God is the God of truth (Isa. 65:16). As the Creator, He is the measure of reality by which all else is measured. Jesus said that God’s word is truth (John 17:17). Titus 1:2 says that God cannot lie. Jesus claimed not merely to speak the truth and bear witness to the truth, but that He is the truth (John 8:45; 18:37; 14:6). The Holy Spirit is the Spirit of truth (John 14:17; 15:26; 16:13; 1 John 5:7).
By way of contrast, Satan is a liar and the father of lies (John 8:44). When you lie, you are being satanic (scary thought)! Because of that, God hates a lying tongue and a false witness who utters lies (Prov. 6:16-19). “Lying lips are an abomination to the Lord” (Prov. 12:22). So as new creatures in Christ, created by God, growing to be more like Him, we must put aside all lying and falsehood. We must be growing to become people marked by truth.
But this is more than an individual process. Paul shows that…
3. As Christians, we must be truthful because we are members of the same body.
Paul says (Col. 3:11) that in this new man there is “no Greek and Jew, circumcised and uncircumcised, barbarian, Scythian, slave and freeman, but Christ is all and in all.” While Paul makes similar statements elsewhere (Gal. 3:28; 1 Cor. 12:13), he probably uses these categories here because they related to the situation in Colossae (J. B. Lightfoot, Saint Paul’s Epistles to the Colossians and to Philemon [Zondervan], pp. 216-219). The proud, national Judaism of the Colossian false teachers is countered by Paul’s assertion that there is “no Greek and Jew.” Their legalism is met with the words, no “circumcised and uncircumcised.” Their pride in knowledge is confronted with, no “barbarian, Scythian.” The barbarian was originally one who didn’t speak Greek, whose language sounded like “bar-bar.” It came to refer to an uneducated, uncultured foreigner. The Scythians were known as a savage, cruel people, the lowest type of barbarian. Paul probably included no “slave and freeman” because he was sending back the runaway slave, Onesimus, to his owner, Philemon, in Colossae.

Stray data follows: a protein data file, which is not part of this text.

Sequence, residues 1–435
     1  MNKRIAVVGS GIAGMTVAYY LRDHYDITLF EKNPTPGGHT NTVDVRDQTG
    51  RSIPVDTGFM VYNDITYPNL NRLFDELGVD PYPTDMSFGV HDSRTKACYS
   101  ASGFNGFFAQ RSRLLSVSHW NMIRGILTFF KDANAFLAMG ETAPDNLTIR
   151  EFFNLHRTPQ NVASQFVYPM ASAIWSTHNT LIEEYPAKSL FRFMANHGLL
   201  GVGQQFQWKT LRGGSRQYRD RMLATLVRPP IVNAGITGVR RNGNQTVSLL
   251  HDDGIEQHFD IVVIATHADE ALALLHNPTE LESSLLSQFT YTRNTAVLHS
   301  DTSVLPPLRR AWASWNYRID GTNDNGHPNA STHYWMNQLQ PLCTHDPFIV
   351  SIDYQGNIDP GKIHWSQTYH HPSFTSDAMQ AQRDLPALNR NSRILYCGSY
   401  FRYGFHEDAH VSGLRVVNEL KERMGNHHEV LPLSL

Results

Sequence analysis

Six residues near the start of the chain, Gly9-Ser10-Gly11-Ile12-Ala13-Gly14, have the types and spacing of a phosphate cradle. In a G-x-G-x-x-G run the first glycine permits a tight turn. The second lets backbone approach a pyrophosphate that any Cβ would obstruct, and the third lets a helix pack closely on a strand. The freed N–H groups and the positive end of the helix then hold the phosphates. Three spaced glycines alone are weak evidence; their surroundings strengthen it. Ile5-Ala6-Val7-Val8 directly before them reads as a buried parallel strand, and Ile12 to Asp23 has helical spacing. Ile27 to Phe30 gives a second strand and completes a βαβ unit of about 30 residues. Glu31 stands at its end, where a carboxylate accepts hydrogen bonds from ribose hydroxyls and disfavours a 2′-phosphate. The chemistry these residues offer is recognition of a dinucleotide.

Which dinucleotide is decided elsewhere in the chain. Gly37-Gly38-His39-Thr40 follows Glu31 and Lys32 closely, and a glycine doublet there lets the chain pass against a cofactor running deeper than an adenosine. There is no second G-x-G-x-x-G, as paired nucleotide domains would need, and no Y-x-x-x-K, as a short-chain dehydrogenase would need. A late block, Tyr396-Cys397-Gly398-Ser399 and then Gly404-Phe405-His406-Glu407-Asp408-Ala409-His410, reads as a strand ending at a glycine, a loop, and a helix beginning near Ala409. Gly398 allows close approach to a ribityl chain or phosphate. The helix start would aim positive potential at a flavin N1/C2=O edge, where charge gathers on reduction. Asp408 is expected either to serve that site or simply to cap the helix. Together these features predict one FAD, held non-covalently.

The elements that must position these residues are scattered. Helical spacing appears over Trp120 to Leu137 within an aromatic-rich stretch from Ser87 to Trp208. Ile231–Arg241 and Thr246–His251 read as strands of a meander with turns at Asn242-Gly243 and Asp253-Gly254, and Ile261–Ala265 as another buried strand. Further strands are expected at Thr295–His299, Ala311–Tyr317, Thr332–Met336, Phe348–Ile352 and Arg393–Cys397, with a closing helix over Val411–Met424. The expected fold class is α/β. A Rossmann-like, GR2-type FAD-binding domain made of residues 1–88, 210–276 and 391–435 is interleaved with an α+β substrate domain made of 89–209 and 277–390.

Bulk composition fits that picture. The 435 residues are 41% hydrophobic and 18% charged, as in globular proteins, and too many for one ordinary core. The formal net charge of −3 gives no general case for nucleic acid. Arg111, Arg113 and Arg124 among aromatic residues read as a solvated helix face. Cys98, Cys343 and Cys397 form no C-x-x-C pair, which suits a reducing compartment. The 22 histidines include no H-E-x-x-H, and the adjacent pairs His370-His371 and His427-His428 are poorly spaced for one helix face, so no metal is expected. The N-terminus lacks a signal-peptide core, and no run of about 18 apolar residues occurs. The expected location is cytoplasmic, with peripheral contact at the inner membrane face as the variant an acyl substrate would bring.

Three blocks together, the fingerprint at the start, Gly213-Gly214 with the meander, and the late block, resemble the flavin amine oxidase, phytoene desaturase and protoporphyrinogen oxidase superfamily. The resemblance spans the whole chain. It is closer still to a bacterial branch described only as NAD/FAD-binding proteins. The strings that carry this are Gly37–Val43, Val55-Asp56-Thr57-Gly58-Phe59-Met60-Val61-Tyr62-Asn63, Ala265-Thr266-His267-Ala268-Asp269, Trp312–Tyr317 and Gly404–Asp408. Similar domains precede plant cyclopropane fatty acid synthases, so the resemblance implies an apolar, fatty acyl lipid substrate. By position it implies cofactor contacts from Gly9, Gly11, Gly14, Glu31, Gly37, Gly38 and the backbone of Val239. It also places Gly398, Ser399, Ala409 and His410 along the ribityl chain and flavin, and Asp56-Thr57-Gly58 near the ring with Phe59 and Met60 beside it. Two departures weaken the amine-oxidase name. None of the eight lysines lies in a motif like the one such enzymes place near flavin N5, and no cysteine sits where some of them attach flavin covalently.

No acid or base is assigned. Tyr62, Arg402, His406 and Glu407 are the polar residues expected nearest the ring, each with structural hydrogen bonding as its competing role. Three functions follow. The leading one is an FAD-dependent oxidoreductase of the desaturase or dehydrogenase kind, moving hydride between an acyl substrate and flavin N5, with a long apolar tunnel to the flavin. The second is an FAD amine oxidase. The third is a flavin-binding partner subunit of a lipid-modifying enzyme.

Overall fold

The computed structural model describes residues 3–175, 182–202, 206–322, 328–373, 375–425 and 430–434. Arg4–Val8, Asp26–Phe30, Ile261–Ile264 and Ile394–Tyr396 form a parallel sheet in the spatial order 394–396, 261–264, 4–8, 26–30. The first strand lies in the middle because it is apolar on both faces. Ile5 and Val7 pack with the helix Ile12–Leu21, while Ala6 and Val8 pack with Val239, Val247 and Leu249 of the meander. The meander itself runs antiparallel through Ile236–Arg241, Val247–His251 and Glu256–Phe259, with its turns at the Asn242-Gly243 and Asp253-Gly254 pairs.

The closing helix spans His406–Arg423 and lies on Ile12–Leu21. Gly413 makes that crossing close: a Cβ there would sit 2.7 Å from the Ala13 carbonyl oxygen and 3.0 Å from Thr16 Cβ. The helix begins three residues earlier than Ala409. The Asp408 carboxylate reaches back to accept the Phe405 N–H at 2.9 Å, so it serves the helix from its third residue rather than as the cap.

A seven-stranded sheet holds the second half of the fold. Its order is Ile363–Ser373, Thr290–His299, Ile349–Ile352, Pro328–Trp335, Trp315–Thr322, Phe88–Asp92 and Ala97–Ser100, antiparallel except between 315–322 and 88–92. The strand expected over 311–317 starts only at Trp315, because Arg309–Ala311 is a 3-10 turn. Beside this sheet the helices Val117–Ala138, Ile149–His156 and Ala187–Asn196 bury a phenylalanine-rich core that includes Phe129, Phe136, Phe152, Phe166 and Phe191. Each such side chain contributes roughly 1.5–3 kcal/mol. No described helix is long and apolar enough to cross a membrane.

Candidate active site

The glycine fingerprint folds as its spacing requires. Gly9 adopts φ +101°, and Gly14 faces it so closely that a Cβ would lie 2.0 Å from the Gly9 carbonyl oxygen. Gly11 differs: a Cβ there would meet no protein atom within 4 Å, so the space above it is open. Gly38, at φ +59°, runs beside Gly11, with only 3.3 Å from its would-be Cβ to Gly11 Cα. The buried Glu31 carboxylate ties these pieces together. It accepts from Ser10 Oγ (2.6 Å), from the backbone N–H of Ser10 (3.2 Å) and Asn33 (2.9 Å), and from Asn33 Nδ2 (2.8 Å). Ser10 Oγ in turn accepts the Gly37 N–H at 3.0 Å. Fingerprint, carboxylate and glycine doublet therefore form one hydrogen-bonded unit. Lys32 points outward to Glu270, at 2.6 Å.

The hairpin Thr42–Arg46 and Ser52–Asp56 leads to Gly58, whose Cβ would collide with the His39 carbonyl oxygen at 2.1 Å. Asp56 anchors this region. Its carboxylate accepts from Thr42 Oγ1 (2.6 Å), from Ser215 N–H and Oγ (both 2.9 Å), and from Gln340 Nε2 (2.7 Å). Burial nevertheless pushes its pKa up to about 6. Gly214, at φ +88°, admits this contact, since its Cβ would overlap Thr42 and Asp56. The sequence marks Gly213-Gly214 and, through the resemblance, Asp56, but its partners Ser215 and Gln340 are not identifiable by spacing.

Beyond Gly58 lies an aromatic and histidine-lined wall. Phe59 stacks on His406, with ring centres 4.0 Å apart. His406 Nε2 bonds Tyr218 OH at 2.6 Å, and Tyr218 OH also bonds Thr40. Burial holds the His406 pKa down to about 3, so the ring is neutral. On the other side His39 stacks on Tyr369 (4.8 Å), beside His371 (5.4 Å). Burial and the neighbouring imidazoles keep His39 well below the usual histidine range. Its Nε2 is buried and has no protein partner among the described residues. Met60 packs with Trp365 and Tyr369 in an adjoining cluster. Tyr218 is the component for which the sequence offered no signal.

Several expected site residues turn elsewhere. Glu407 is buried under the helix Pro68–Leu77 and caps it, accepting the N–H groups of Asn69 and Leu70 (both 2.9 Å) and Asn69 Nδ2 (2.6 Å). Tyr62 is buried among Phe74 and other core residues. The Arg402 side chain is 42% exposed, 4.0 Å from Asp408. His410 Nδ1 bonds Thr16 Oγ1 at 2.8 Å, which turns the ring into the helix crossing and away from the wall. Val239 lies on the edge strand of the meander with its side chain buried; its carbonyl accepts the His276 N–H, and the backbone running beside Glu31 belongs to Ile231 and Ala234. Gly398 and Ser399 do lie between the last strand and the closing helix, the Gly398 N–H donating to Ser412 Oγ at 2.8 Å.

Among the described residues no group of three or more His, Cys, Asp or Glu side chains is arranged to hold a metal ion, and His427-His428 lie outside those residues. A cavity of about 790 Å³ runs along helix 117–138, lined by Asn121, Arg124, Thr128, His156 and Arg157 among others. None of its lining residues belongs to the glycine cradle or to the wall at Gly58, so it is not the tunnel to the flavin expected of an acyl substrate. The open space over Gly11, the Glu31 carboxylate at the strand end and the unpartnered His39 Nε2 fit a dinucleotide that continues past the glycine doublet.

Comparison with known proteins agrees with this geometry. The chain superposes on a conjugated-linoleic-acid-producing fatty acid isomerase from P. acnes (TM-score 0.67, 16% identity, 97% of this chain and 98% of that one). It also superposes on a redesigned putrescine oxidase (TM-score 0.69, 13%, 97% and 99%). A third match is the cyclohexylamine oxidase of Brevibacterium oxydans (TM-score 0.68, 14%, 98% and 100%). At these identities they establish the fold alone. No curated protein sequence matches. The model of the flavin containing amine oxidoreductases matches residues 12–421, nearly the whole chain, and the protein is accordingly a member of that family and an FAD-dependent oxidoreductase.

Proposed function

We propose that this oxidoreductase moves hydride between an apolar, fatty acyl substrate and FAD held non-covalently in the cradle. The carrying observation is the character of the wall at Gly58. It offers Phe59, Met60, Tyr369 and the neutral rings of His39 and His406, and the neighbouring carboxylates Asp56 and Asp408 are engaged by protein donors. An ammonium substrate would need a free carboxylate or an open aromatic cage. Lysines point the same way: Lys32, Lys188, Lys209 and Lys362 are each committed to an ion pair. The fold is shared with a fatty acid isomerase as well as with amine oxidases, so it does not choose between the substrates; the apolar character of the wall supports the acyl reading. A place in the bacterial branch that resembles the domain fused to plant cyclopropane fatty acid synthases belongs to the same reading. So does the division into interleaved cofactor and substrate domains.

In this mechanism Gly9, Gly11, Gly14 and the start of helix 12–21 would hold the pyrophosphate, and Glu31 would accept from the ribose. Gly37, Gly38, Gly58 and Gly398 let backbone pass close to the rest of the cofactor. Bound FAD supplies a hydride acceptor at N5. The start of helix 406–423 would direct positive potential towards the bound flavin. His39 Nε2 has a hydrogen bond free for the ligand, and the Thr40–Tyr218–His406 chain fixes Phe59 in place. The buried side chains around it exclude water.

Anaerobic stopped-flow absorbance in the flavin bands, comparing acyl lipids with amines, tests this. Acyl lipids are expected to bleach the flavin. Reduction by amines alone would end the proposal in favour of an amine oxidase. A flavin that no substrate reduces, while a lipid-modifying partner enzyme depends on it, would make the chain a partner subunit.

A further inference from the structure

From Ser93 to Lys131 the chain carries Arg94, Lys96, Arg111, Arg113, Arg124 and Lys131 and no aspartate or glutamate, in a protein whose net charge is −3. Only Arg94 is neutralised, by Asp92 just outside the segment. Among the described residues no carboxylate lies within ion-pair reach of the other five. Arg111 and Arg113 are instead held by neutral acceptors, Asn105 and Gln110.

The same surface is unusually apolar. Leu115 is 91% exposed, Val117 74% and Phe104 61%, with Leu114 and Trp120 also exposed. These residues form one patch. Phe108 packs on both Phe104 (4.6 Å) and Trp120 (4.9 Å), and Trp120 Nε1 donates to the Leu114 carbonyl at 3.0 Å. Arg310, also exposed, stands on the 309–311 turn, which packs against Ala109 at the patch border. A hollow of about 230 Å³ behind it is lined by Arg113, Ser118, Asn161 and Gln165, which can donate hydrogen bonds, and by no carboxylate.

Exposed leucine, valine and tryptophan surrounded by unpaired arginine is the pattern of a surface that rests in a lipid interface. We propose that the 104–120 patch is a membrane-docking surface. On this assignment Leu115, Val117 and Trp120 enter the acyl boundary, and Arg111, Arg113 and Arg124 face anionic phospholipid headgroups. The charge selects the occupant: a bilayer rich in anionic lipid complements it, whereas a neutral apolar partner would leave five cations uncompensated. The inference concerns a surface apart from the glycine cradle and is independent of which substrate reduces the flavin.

Paul is saying that all such national, former religious, racial, and cultural distinctions are false for those in Christ. They are not in accordance with the truth of the one new man, which consists of Christ the head and His body, the church (see Eph. 2:15). Obviously, we can’t cease to be racially or ethnically what we are, but these differences should not matter in the church. Unless there’s a language barrier, there should not be separate ethnic churches in the same locale. In fact, the glory of the church is when people who would naturally be separated from one another in the world by race or culture come together as one body in Christ. The world can’t explain it, because it’s due to the new birth.
Sadly, this truth is being deliberately undermined by church growth advocates. They study growing churches and conclude that people like to go to churches made up of “their kind of people.” Older folks want to be with other older folks, so offer a “traditional” service that caters to their preferences. Millennials want to be around other young people in a church with loud, contemporary music. Cater to their world, speak their language, dress as they do, and you’ll see your church grow.
The problem is, while your church may grow if you market it to a certain cultural “niche,” it’s completely unbiblical because it undermines a key purpose for the church. It brings glory to Christ and is a vital part of our witness in the world when young and old and rich and poor representing every local race and culture worship and work together because of the gospel. It brings glory to Christ when an older couple comes alongside a younger couple and helps them understand how to have a Christlike marriage or to rear their children in the Lord. The younger people in the church need the older folks for their experience and wisdom, and the older folks need the young for their youthful zeal. That’s why I’ve refused to have separate “traditional” and “contemporary” services.